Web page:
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January 12, 2017     Clinch Valley Times
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January 12, 2017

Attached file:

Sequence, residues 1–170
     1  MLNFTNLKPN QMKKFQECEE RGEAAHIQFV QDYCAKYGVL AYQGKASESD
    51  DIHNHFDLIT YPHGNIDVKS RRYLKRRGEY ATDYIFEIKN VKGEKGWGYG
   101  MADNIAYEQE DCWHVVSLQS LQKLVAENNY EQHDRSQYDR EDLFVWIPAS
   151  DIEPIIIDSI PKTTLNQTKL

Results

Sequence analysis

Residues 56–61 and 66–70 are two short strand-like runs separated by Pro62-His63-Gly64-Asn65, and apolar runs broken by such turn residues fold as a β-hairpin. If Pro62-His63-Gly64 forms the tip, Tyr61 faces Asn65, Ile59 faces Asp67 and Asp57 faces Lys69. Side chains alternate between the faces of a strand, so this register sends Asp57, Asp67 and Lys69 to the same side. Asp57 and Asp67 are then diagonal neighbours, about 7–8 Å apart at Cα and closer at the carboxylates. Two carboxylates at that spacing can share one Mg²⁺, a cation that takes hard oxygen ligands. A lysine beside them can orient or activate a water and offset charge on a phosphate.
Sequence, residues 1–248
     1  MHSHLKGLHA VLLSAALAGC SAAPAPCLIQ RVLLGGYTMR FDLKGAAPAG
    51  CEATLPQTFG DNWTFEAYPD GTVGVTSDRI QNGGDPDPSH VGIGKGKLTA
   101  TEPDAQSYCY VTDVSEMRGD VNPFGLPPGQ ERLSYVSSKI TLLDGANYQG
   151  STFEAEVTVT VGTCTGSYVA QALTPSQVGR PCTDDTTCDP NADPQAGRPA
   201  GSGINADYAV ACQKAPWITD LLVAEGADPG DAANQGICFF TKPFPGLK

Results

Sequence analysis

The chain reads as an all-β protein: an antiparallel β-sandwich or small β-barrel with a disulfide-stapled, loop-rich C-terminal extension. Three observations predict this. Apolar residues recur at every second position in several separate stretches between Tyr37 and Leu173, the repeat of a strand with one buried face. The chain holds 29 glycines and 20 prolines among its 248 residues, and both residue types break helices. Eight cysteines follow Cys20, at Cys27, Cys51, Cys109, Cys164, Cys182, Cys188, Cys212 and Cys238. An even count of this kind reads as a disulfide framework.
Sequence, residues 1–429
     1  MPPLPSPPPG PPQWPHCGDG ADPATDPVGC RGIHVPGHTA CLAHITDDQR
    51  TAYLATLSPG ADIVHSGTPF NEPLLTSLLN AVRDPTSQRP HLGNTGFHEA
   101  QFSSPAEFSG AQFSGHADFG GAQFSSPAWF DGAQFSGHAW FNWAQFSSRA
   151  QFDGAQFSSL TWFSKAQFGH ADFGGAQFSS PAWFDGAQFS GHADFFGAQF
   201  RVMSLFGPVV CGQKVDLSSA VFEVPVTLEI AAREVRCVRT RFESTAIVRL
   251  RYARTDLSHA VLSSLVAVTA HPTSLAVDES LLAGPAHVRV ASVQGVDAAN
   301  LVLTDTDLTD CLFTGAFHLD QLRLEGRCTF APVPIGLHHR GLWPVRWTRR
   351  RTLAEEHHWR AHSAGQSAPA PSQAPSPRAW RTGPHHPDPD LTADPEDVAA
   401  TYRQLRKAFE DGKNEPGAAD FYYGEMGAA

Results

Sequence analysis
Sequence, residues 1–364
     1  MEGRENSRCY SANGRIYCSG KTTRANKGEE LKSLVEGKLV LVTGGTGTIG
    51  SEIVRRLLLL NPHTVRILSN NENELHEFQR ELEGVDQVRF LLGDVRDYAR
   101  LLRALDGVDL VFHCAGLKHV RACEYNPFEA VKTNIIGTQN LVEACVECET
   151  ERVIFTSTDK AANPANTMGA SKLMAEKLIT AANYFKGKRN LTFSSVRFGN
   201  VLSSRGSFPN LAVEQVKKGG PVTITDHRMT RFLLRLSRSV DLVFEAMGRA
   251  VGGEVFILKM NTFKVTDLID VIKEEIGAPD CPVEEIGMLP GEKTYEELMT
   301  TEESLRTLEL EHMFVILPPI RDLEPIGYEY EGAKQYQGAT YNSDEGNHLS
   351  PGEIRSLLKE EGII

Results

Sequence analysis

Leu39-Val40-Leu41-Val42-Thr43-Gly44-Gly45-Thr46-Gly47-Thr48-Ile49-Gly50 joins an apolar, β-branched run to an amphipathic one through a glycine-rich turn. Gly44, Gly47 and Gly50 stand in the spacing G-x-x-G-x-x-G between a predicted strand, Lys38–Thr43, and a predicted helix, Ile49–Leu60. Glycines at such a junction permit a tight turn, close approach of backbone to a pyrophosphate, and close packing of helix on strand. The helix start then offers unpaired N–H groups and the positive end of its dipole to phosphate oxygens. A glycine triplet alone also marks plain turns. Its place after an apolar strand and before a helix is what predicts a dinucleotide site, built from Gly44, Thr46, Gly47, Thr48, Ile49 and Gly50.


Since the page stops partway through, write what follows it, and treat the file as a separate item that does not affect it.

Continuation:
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Page 2 CLINCH VALLEY TIMES St. Paul, Va. Thursday, January 12, 2017 I Of shoe, wax.. by Ann Young Gregory The bottom line Reprinted from January 10, 2008 Although I thought they'd never end, they finally did-----on Monday nightwith the long awaited and high- ly touted BCS Championship Bowl (that's "Bowl Championship Series Championship Bowl," which seems to me to be slightly redundant, but then the whole process, in my opinion, IS redundant!) Anyway, everybody who watched saw Ohio State, ranked #1 at the end of the season, start out strong (10- 0) and then fold as LSU (#2) rolled over them in the rest of the first half, scoring 24 unanswered points. In the second, OSU managed two touchdowns, but then so did LSU, so #2 (LSU had been defeated during the regular season by the University of Kentucky--you knew I just had to get that in, didn't you!) is the champ, and the col- lege bowl games are over for the 2007 season, which stretched a week into 2008. Although you may not realize, there were at least by my count, thirty,two college football bowl games. The first one was played on Thursday, December 20, and the final one on January 7. Only six were played on New Year's Day, which is the traditional day for college foot- ball bowl games. I guess I've just hung around for too long, because they keep changing things that I think should be left alone, and eventually come up with things like thirty-two bowl games played over a nine- teen-day span. For example, in the Southeastern Conference, which contains twelve teams, nine of them, including the new champion, of course, received bowl bids. Only Ole Miss, South Carolina and Vanderbilt had to stay at home during the post-season. The SEC, always a rea- sonably strong conference, was very strong this year, but still nine teams in bowl games! The amazing thing about that, I suppose, is that seven of them won, which is some kind of evidence that the SEC might have been the strongest football conference in the country this year. The winners were Mississippi State (!0-3 over UCF) in the Liberty Bowl; Alabama (30-24 over Colorado) in the Independence Bowl; Kentucky (35-28 over Florida State) in the Music City Bowl; Aubum (23-20 over Clemson) in the Chick-fil-A Bowl; Tennessee (21-17 over Wisconsin) in the Outback Bowl; Georgia (41-10 over Hawaii) in the Sugar Bowl; and, of course, LSU. (Arkansas 10st to Missouri 38-7 in the Cotton Bowl; and Florida lost to Michigan 41-35 in the Capital One Bowl). Getting back to how things used to be, football- bowl-wise, when I was growing up, with only a mild interest in college football, I nevertheless remember that there were four bowls-Rose, Sugar, Orange and Cotton.-The Gator Bowl came along at some point, but those were about it. The bowl games were all played on January 1---or perhaps some of" them were on December. 31---I just don't remember. I DO remember, however, that the Rose Bowl was considered the big one, and it was always played on New Year's Day. Although I've been a University of Kentucky fan all of my life, I had nothing more than a passing interest in these games, since UK seldom was a participant. There was a notable exception, however--I think it was in 1951, the year before I enrolled at UK as a freshman, and a Bear Bryant-----coached UK team defeated #1 ranked Oklahoma 13-7 in the Sugar Bowl. The whole state went nuts, of course--still talks that bowl game, in fact. So what happened? I wasn't there, of course, but I'd be willing to bet that the chief motivator was the bottom line----the money that was just sitting around some- where, waiting to be made, legitimately, of course, on college football, particularly after television became such an integral part of everybody's life. Just look at it--we went from four bowl games to today's thirty-two bowl games. Each one was on televi- sion-most on ESPN--and I'd love to have a list of the advertising billing from each game. I did fred, howev- er, a most interesting list of the amount of money paid to the teams that were in the bowl games just conclud- ed. The total payout, by all the networks that carried these games (as I said, most were carried by ESPN), was $126,523,000. That averages to about $1.9 million per school, but it doesn't work out that way, of course. Participants in each of five of the games (Rose, Sugar, Fiesta, Orange and BCS Championship) shared $17 million--that's $17 million five times! The lowest pay- out was $200,000 to participants in the Humanitarian Bowl. It distresses me that so much of this sport which cap- tures the fancy of so many Americans now apparently revolves around the bottom line. I've been thinking a lot about this, and I've concluded that corporate sponsor- ships have a lot to do with the development of the mul- titude of bowl games. I've already mentioned the Chick-fd-A'bowl; there are also the Bowl, the Capital One Bowl, the GMAC Bowl, and those are just the ones named for their corporate sponsors. Almost all the bowls--I would say all of them, but I'm really not sure of that--have a corporate sponsor, and most are men- tioned ad infinitum during the broadcast of each game. I noticed during last night's game (Allstate is apparent- ly a major corporate sponsor of the BCS Championship Bowl, hecidentally) that the performances of the Ohio State and LSU Bands were presented as "'The Southwest Airlines Halftime Show," although Southwest Airlines wasn't mentioned during any other portion of the program that I heard, nor did Southwest Airlines have anything to do with the halftime show itself. I used to think that corporate sponsorships were a good, pure way for everybody in sports and in business. to benefit, but now I think I've changed my mind. Corporate sponsors, combined with television, seem to have changed the point of the whole thing from athlet- ics and school spirit to money. Too many things in our country are determined only by money----it looks like maybe we should leave college football out of it! system comes with no guarantees By Lee H. Hamilton There are a lot of dire predictions about our rep- resentative democracy out there. We're just past a presidential election cam- paign in which candidates complained about a rigged political system. Now, commentators worry about the imminent failure of the American experiment. I don't agree With these predictions of calamity. Our representative democ- racy is not on the verge of collapse. But I do see stresses and tensions that should concern anyone who cares about our sys- tem of self-g0vernment. Our representative democ- racy has been remarkably stable and successful for over two hundred years, but that is no guarantee it will survive and prosper. The mere fact that this nation is filled with so many citizens who have lost confidence in key institutions is worrisome. The Gallup organization's ongoing polling has found declines in public confi- dence over the past few decades in everything from the Supreme Court and Congress to the police and even the military. It shows a pervasive drop in public regard for the institutions that undergird American life. The reasons stem in part from a declining willing- ness among the people who inhabit those institutions to observe the norms of behavior that evoke public confidence. This is notable especially on Capitol Hill and in political life, where the parties seem to have abandoned fair play and taken to using institutions tomaximize partisan advantage. In the Senate, the recent refusal even to hold hearings on the President's nominee to the Supreme Court brought the lack of comity between branches to a new low. Politicians engage in a degree of partisanship that a few decades ago would have disqualified them in the eyes of the voting pub- lic. They attack opposing politicians' patriotism, impugn their loyalty, accuse them of criminal activity, question the fair- ness of the election process itself- with virtually no evidence -- and seek to undermine their effective- ness in office. Small won- der that elected officials' legitimacy is increasingly New York politician who wished President Obama dead of Mad Cow Disease. They sidestep accountabili- ty and transparency: tweet- ing their stances rather than facing hard questions, avoiding press conferences that would give reporters a chance to hold them to account, preferring public rallies to the give and take that allows the public to examine and scrutinize their stances. All of this poses real challenges to the system. SO what might be done to restore public faith in its fairness,justness and decency? Paul Light, a professor of public service at New York University, recently came out with a paper, "What, Americans Want from Government Reform," that reinforces the proposals many called into question among reformers have been push- the public at large. If we had a media that prized both the vigilance and impartiality it dis- played during its heyday, these tendencies might not run so rampant. Similarly, if politicians were willing to negotiate, compromise, and search for remedies to the nation's challenges, then our current dysfunc- tional inability to get things done would be less of a hallmark of these times. Yet too many politicians seem fine with dysfunc- tion. They appear more interested in holding power than in using it to solve problems. They reject the norms of behavior in a civil society m for example, the ing in recent years. His list of fLxes that would enjoy support among ordinary Americans in both parties includes reducing the role of money in elections, boosting ethical constraints on elected officials, reduc- ing waste and inefficiency, finding ways to increase the voices of ordinary citi- zens, and ensuring that civil servants and political appointees are qualified and competent. Americans don't expect miracles. They just want the basic features of gov- ernment to work. But here's the thing: making this happen is up to us. Politicians may be. directly responsible for the prob- lems above, but you and I as voters allow them to get away with it. We voted them into office, kept them there, and paid little atten- tion to their shenanigans. The problem• is not just the politicians. It's us, too. The first words of the Constitution read, "We the People," not "We the Government." It's up to us to strive for a more perfect union, and to be vigilant aboutthese adverse ten- dencies °that threaten to undermine our representa- tive democracy. Lee Hamilton is a Senior Advisor for the Indiana University Center on •Representative Government; a Distinguished Scholar, IU School of Global and International Studies; and a Professor of Practice, IU School of Public and Environmental Affairs. He was a member of the U.S. House of Representatives for 34 years. Dear Editor: In this time of political change I believe it is more important than in many, many years that those of us who believe America Should be a nation of tolerance, diversi- ty, equality and basic human decency gather and celebrate those very beliefs and those pioneers who sacrificed to bring about change. I invite those interested in promoting these values to join me this Saturday, January 14, 201% in Abingdon for the 30th annual Dr. Martin Luther King, Jr. Day march. This year's theme is "Lest We Forget" with the following schedule of events: 12:30 PM gather at the Charles Wesley United Methodist Church, 322 E Main for an Intergenerational Forum; 1:30 PM join the march to Abingdon United Methodist Church and ending with a 2 PM celebration of fellowship, speakers, and refresh- ments. Sincerely, Jean Kilgore P.O. Box 1210 St. Paul, VA 24283 276-762-7500 LETTERS TO THE EDITOR Readers are invited to write letters on matters of general interest to the public. Letters do not necessarily reflect the philosophy or editorial policy of this newspaper, which reserves the right to edit let- ters. The Clinch Valley Times will not print unsigned letters. Potiphar got plastered on Picayunes By Jimmy Reed Oxford, Mississippi res- ident, Ole Miss alumnus, Army veteran, and retired Mississippi Delta cotton farmer Jimmy Reed (jim- ) is a newspaper columnist, author andcollege teacher. His collections of short stories are available via, tele- phone 662 -236-2262. This story did not spring from a warped imagina- tion. The events chronicled herein are true, confirming beyond exaggeration, elab- .oration, or embellishment what Mark Twain said about truth: "Why should° n't truth be stranger than fiction? After all, fiction has to stick to possibili- ties." One cold winter day while hunting, I came upon a motherless fawn. The emaciated creature was so weak it didn't even strug- gle when I picked it up, and its big brown sad, eyes seemed to say -- help me, please! Mama took one look at the little deer and her maternal instincts kicked in. She made a bed in a cardboard box and fed him with a bottle. In keeping with her habit of giving pets Biblical names (e.g., Goliath the rooster, Delilah the cat, Jethro the Rottweiler, Jubal " the canary) she christened him Potiphar. Following a successful crop year, my father, a Mississippi Delta cotton farmer, built his owing family a tennis court and swimming pool in the backyard with a changing room between them. Unwilling to set Potiphar free when he out- grew the cardboard box, Mama put him in the tennis court, and my boyhood mentor Jaybird and I often brought him a bowl of ker- nel corn, his favorite food. Jaybird smoked Picayune Cigarettes, the strongest on the market back then. One day while feeding Potiphar corn, Jaybird offered him a Picayune. The little buck gobbled it down and nudged the old black man's leg, begging for another. "Nope," Jaybird said, "These strong smokes will make you drunk." How prophetic those words were! About a week later, VALLEY S DEADLINES: EDITORIAL copy (anniversaries, birthdaysl weddings, calendar items, press releases, etc.) 3 p.m. Monday ADVERTISING (Classified and display) 12 noon Monday while Mama and several town ladies were cooling off in the swimming pool, I decided to see how many Picayunes Potiphar would eat. After gobbling ten of them, his coat quivered, as if shedding flies. Then the overdosed deer stared at me with crossed eyes, flapped his white tail, foamed at the mouth, stag- gered drunkenly, and bolt- ed across the court.' The ensuing pandemo- nium ensured that Potiphar was no longer Mama's benign bambino Bambi. He ricocheted off the fence, tore down the net, leaped atop the changing room, and -- performing a full gainer with a half twist -- plunged into the pool, right amongst the bathing beauties! Seeking a way out, Potiphar swam around the pool, herding the wailing women into the middle. .. ,.. , . Finally he caught a foothold and vaulted out of the water, only to slip on the wet surface and slide under a table, dumping hors d'oeuvres, Jubal's cage, and a pitcher of iced tea on Jethro. Regaining his feet, he sprinted around the pool, with the enraged Rottweiler at his heels. Then out of the gate they flew. We never saw Potiphar again. "Some creatures are naturally wild, and folks oughtn't try to domesticate them," Mama admitted, watching her horrified, towel-clad friends fleeing to their cars. "Yes, ma'am," I nod- ded. I never told her the truth stranger than fiction: Several strong smokes made that deer delirious, deranged, and drunk. Potiphar got plastered on Picayunes. Clinch Valley Times MEMBER VIRGINIA PRESS ASSOCIATION Published weekly in St. Paul, VA 9~t283, by d,e CLINCH VALLEY PUBLISHING CO., INC. The Clinch Valley Times serves the four-couaty area of ~'~se, Russell, Diekenson and Scott, with offices and plant located in the CLINCH VALLEY TIMES htildiag, 16541 Russell Stroet. Periodicals postage is paid at the Post Office in St. Paul, VA 24283 Allen "Gregory Editor/Adv. Susan Trent Adv./Graphlc~ ANNUAL SUBSCRIFIIONS: In advance: $28.50 in Wise and Rltssell Counties; $30.00 in other 24-zip-codes; elsewhere $32.50. POSTMASTER: setul address changes to: Clinch Valley Times, P.O. Box 817: St. Paul, VA 24283 SI~IGLE COPY- 50c Classified Advertising: mini- mum charge $6.00 for up to 20 words, in advance; 25c per word after 20 words. Display Advert- isiag rates on application Periodicals publicatioa Post ISSN: 767600